Monthly Archives: January 2014

RIP: Illinois short sales

The year 2014 is here and short sales are the year’s first casualty. They are dead on arrival. Gone, done. The final nails in the coffin were the expiration of the Mortgage Debt Forgiveness Act (MDFA) and the sudden increase in deficiency judgments in Illinois during late 2013.

Now, I recommend short sales to almost no one.  Three reasons you should NOT do a short sale.

  1. Deficiency Judgment may be entered. To get a short sale approved you generally have to be behind on payments. Once you stop making payments and try a short sale, there is a 50% chance that it will close. If it does not close, it will end up being foreclosed and there is a strong possibility that a personal deficiency judgment will be entered against you. Not fun.
  1. You will get a taxable 1099 EVEN if the short sale closes. Many, many short sales do not close and end up as foreclosures. If you are foreclosed upon, there will be a 1099 issued even if the property was your primary residence. The MDFA expires on December 31, 2013 and this means that tax is owed on the 1099 issued after a short sale. Why would you do a short sale if you have a huge tax bill on the back end? Due to the 1099, it makes no sense to do a short sale (unless you are insolvent.
  1. Process is too difficult. I closed a lot of short sales in 2013. We became pretty good at getting some of them approved, but we still lost quite a few. The process is even worse now. Many lenders “service release” a mortgage to a new lender in the middle of a short sale. It seems that the new lender is almost always Bayview Loan Servicing. That means you get to start the short sale over again. Bayview has a crazy process and requires that it “net” 95% of the broker price opinion (BPO) amount. Considering the real estate commission is 6%, how are they supposed to net 95%? The buyer has to agree to pay more than the BPO for the closing to happen. If they net less than that, Bayview requires that the property be listed, which is an online auction site. The chances of closing one of these is slim.

The Chicago Sun Times had a nugget yesterday that 25% of Chicago area homes are deeply underwater. What are these people supposed to do now? With the death of short sales, there are two options: Stay in the home until the value increases or file bankruptcy.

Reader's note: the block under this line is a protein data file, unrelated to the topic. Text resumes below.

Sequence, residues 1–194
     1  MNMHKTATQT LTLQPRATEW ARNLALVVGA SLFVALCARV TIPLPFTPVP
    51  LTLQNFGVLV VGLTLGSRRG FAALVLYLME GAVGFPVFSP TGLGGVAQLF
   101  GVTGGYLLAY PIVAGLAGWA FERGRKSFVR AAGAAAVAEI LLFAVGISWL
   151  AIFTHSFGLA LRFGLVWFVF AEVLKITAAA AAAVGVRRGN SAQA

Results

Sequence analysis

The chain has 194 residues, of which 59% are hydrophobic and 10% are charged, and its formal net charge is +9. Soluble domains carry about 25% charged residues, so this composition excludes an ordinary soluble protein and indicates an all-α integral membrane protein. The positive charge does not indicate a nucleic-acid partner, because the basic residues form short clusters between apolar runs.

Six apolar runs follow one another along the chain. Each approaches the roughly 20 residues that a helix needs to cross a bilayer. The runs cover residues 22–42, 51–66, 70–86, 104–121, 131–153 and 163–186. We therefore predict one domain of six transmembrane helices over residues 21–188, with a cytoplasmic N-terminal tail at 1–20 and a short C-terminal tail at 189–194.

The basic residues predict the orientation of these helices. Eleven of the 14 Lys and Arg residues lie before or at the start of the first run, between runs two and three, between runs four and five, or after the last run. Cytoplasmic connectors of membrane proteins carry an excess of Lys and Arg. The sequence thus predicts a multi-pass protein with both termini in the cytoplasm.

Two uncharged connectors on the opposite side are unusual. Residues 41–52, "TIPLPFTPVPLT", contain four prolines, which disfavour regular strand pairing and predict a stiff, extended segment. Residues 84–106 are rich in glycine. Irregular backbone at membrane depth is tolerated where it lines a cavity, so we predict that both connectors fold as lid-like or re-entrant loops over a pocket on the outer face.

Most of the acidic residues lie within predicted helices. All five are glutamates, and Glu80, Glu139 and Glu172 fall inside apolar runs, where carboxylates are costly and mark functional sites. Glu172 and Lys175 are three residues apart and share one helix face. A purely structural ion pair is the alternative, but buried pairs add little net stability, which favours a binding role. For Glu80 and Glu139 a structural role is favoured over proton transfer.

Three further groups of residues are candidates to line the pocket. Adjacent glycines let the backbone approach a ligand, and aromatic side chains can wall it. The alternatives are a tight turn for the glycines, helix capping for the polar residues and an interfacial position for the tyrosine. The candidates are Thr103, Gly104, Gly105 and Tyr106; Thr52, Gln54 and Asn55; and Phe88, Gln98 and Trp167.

Illinois deficiency judgment update

Deficiency judgments are still being entered in Illinois. Two more clients had judgments of around $50,000.00 each entered in the last two weeks. Oddly, the mainstream media has ignored this, probably because it is a confusing topic.

Before 2013, your chances of having a deficiency judgment entered were slim to none. Half way through 2013, we started to see deficiency judgments entered frequently. My unofficial, unscientific estimate is that there is about a 50% chance of having a deficiency judgment entered against you in an Illinois foreclosure now.

What happens after the deficiency judgment is entered?

In one case, the lender sent a letter asking for payment of about 5% of the judgment amount for a full release. This was a tremendous deal and the client just paid it. I hope that we see a lot of these settlement offers. In several cases, the client has heard nothing from the lender. This does not mean the judgment will just go away.

If a client does not settle, we have to assume that the lenders will place the judgment with a collection attorney and that the client will receive a “citation to discover.” This is served by the sheriff and the client has to go to court to tell what his/her income is and what assets the client owns. The purpose of this is so that the creditor can garnish the wages or take non-exempt assets from the client to pay the judgment So far, I have not had this happen to any client after a deficiency judgment was entered, but that does NOT mean it won’t happen. A judgment is good for 7 years, so time is on the lender’s side.

Can I be arrested due to the deficiency judgment?

No, debtor’s prison, popular in merry olde England, doesn’t exist here. Charles Dickens Dad spent a long time in Marshalsea debtor’s prison, which was the basis for Little Dorrit, a great book/movie. You will not be arrested. The only way that could happen is if you don’t show up to court after you were served a “citation to discover.” The judge has the authority to issue a warrant for your arrest if you are a no-show, so be sure to appear in court.

Will bankruptcy get rid of a deficiency judgment?

Yes, in fact, most clients have filed for chapter 7 to eliminate the deficiency judgment. This knocks out the judgment altogether. The filing fee in a chapter 7 is $306 and attorney’s fees are about $1000.00 so this is a very cost-effective way to solve the problem. If the client has a high income or the assets are over the exemption amount ($4,000.00 of non-IRA assets like checking/savings is exempt, $2400 for a car is exempt) then they have to file a chapter 13, which is more expensive and requires the client to make payments back to the lender over a period of either 3 or 5 years. If payments are completed in a chapter 13, then the judgment is vaporized. Filing a chapter 13 after a deficiency judgment is more involved and expensive than a chapter 7, but it stops collection efforts by the lender and it is the last defense if chapter 7 or a settlement are not possible.

Will I still get a 1099 if a deficiency is entered?

No, you won’t get a 1099. If the lender gets a deficiency judgment, there will be no 1099 (for the difference between the value of the property and what was owed the lender). Note: There WILL be a 1099 if you settle the judgment for less than the face amount without filing bankruptcy.

Will the deficiency judgment hurt my credit?

Yes. Like any other judgment, it will drag down your credit score until it is removed by bankruptcy, payment or settlement.